5. They reached in front of the Capital Guest House bearing No. 1515 at about 10 p.m. The deceased along with Gurdey Singh alias Deba P.W. 5 and Harinder Singh alias Happy P.W. 4 got down and went into the precincn> of the Guest House, one after the other. Ashok alias Shoki (since deceased) was ahead of them. Baldev Singh P.W. 3 its Manager, had already seen Brahmi co-accused (absconder) and appellant Ranjit Singh alias Roda, who had been waiting near the Kitchen of the Guest House. They had entered alone with two unknown persons from the back gate of the Guest House opening in Sector 21, and Brahmi and appellant Ranjit Singh alias Roda were waiting there, while the other two persons left before the arrival of the prosecution witnesses and the victim. Before the arrival of the prosecution witnesses and the victim Baldev Singh P.W. 3 had also served water to the appellant and Brahmi absconder, As soon as Brahmi and Ranjit Singh alias Roda appellant saw Ashok alias Shoki with his companions, Brahmi proclaimed 'Shoki as Giya, Rode as Jas' (Shoki has come, Rode should come) and Brahmi also proclaimed that they were going to avenge the murder of Maddi and raised a Lalkara 'Badla Lenge, Chhodenge Nahin, Shoki Ko mar Denge' (we will take revenge, would not spare, Shoki will be killed). Immediately, Brahmi absconder and the appellant took out long knives. The deceased and the p. Ws. started fleeing from there and in that attempt the deceased along with his companions came out of the main door of the Guest House. Harinder Singh alias Happy immediately boarded the three wheeler auto-rickshaw which had already been parked in the reverse order and was successful in escaping from the place. However, the deceased was waylaid near the residential Kothi No. 1514 on the road between kothis Nos. 1511 and 1513 on one hand and Kothis Nos. 1512 and 1514 on the other hand, near the Capital Guest House, After Ashok deceased was overpowered, he was given knife blows by the appellant and Brahmi co-accused absconder, one after the other, and they were successful in Riving at least 32 knife blows on various parts of his body, including eyes, chest, neck and head and removed his clothes, Baldev Singh P.W. Manager of the Guest House, witnessed the occurrence from the gate of his Guest House while Gurdey Singh alias Deba stood perplexed at a little distance and witnessed the occurrence. When blows were being given, one Shri Kuldip Singh P.W. 6 who was putting up at that time in Kothi No. 1514, came out of his house on hearing the alarm 'Baccho, Bachao' and he asked the appellant and his companion as to why they were killing the man, whereupon the appellant proclaimed 'As Brahmi Chaliye. Aapne Badlalal Liya Hai' (come on Brahmi, we have avenged the murder, let us go). The victim died at the spot. After causing injuries, the appellant and his co-accused made good their escape along with their weapons. Balbir Singh P.W. 8, brother of the deceased, was informed about the incident by Gurdev Singh alias Deba P.W. 5.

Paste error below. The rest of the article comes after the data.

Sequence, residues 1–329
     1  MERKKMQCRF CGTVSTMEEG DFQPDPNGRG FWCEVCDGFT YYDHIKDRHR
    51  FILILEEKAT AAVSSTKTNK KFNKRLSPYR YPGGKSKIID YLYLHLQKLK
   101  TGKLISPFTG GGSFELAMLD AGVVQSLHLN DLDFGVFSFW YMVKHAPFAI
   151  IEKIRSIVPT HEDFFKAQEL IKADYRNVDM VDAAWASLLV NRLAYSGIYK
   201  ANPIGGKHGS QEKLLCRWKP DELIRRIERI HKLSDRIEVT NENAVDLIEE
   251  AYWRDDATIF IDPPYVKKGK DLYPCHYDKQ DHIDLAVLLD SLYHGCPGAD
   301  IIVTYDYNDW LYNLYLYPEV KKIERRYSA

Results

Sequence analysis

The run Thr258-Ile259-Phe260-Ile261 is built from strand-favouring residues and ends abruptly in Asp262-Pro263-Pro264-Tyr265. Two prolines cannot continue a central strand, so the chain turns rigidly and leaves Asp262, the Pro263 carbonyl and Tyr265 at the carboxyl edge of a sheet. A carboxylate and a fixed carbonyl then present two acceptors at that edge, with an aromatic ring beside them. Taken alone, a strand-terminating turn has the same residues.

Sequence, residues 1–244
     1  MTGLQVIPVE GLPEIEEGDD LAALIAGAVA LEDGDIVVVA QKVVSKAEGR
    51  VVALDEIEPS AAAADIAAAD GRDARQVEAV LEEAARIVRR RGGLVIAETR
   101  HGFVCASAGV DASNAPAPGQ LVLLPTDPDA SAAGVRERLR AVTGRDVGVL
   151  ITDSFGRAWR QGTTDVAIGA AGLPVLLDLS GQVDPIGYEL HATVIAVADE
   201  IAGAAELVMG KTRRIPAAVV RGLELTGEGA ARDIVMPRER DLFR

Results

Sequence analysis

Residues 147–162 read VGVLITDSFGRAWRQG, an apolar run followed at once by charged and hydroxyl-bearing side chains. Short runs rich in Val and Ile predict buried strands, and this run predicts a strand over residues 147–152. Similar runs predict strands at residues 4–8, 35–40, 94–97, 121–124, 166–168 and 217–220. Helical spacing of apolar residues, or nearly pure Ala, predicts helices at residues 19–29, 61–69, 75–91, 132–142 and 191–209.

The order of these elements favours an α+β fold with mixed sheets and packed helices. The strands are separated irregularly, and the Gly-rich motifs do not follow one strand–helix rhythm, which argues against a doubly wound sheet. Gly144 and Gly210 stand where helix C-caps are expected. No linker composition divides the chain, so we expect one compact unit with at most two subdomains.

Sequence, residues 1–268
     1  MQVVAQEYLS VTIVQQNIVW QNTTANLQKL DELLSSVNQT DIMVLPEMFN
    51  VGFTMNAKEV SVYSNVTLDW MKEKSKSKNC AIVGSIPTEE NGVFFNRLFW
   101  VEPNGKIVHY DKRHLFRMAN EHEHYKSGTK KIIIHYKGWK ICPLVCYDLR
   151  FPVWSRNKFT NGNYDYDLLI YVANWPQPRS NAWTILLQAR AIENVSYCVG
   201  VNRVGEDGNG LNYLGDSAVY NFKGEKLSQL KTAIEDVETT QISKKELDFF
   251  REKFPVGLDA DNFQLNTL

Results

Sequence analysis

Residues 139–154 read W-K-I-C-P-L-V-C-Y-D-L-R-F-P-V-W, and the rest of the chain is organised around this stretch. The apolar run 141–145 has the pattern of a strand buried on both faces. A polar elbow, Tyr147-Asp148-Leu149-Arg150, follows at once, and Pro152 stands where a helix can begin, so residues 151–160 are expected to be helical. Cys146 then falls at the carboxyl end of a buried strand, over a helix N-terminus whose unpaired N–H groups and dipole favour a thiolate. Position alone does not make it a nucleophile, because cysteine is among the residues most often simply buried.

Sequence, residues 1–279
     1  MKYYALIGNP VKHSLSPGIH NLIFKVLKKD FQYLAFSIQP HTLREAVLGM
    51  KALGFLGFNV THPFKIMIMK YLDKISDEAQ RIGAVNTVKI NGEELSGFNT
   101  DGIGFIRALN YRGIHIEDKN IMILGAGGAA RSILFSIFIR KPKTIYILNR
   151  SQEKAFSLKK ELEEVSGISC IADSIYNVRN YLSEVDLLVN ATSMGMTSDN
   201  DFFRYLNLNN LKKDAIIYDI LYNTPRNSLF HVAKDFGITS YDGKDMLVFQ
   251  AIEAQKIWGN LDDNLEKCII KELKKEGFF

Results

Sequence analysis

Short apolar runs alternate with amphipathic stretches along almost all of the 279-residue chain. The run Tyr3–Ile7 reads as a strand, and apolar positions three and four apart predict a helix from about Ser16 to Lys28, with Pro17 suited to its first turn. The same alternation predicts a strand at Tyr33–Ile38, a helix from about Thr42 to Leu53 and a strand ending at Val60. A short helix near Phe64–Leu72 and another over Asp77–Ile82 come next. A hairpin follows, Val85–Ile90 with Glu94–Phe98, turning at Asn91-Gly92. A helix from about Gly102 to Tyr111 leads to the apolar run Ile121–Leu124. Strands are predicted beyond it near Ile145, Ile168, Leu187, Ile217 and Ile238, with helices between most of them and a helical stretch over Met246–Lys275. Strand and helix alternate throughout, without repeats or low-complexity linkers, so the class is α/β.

6. Inspector Krishan Kumar P.W. 22 recorded the statement of Baldey Singh P.W. 3 whom he met on the way when he was going to lodge the report. His statement is Exhibit p. H. on the basis of which formal P. I. R. Exhibit PH/1 was recorded at 11.30 P. M. The special report reached the Additional Chief Judicial Magistrate, Chandigarh, at 5.30 a. m. on Oct. 26. 1980.